Daily Green Wrap-Up 17.October, 2011

How much of what we eat is dictated by our parents? Research shows that our food preferences may actually be shaped before we’re even born, but beyond what we eat, our own eating habits and traditions are certainly influenced by our families.
This topic was thrown around recently as it came to my attention, that this week, October 16-22, is National Bulk Foods Week.

More than 600 natural and whole foods stores are celebrating Bulk is Green’s National Bulk Foods Week, which started on Oct. 16 and runs through Oct. 22. The focus is on foods that you can purchase from bulk bins, saving money and reducing unnecessary packaging.

Earlier today, I told you about National Bulk Foods Week and how buying food from bulk bins can save you money and reduce unnecessary packaging. One way to make buying from bulk bins completely waste-free is to use reusable, washable, lightweight bags that are designed to hold items like beans, grains, flour, dried fruits, nuts and more.

Try one of these brands of bulk food bags to make your bulk food shopping as waste-free as possible.

While Homesteaders on our own turf continue to battle it out over naming rights, urban nature dwellers in Britain are taking “local” and “self-sufficiency” to new heights: their rooftops. It’s a trend that’s migrating stateside, but remember you heard it here first. We’re calling it Chim Chimney Beekeeping.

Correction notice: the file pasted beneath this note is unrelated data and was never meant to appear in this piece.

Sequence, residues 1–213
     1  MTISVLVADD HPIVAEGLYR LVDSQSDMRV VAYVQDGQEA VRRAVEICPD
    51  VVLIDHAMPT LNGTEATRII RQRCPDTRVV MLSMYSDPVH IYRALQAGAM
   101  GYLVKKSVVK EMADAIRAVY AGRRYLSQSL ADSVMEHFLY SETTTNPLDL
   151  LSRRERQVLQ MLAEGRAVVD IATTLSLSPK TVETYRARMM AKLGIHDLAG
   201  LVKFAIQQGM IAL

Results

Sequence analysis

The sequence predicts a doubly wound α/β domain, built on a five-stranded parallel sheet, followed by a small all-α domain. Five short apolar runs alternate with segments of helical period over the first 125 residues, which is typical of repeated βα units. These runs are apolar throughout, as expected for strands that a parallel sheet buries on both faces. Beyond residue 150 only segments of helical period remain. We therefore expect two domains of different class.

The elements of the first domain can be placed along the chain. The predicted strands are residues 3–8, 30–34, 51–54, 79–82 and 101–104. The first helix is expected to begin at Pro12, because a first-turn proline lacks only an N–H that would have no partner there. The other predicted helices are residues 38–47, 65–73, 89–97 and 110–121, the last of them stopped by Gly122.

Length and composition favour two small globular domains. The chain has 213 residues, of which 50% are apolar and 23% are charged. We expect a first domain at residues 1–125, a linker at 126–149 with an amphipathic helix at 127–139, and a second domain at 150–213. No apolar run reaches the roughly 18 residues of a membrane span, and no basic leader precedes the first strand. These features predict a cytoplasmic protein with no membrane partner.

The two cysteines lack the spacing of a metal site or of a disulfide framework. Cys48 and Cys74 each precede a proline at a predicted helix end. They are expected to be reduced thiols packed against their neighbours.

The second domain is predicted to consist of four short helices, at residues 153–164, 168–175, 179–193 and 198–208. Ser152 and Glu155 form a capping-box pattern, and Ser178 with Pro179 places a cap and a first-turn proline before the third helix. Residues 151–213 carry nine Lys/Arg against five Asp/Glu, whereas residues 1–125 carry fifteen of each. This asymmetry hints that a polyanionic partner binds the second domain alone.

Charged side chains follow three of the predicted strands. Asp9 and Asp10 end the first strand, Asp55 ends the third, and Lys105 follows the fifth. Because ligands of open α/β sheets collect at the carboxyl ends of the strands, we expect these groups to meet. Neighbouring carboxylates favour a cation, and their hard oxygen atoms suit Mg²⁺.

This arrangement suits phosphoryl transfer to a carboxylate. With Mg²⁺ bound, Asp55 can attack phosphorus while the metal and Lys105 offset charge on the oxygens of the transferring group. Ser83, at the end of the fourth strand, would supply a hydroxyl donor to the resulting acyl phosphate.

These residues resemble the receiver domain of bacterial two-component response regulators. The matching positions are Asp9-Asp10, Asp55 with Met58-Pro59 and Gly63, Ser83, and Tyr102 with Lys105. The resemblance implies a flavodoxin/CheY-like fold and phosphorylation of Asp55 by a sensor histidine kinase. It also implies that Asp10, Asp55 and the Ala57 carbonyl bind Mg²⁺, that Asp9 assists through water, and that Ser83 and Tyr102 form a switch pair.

According to the British Beekeepers Association, the number of registered Chim Chimney Beekeepers in central London has more than doubled within the past couple of years.

Nick, a senior, is preparing for college at the same time that the global community is preparing for its own important landmark: The United Nations predicts that on Oct. 31, world population will reach 7 billion.
The confluence of these two events gives me reason to think about the world Nick is inheriting from my generation, and makes me consider what I can say to him as he heads off to college.

Forty years from now, buildings could absorb the carbon emissions produced in cities and use those emissions to grow the skin of their facades and to create light. CNN’s Road to Durban explores the real world applications of bio-engineering building materials to mimic living systems.

Backlash from local residents in an Illinois city has pressured park officials to keep chemical pesticides off of athletic fields, successfully stopping a planned chemical treatment in November and postponing the city’s decision to spray until they hear more from concerned residents and turf experts.

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